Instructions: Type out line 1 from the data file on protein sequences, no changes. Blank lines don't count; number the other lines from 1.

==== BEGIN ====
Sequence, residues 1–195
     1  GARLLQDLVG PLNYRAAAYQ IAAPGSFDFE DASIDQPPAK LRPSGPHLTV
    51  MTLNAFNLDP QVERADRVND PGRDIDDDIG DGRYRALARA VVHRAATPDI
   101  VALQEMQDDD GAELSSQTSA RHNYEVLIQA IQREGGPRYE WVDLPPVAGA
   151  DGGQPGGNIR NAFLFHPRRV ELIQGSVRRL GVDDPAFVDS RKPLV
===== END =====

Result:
Sequence, residues 1–195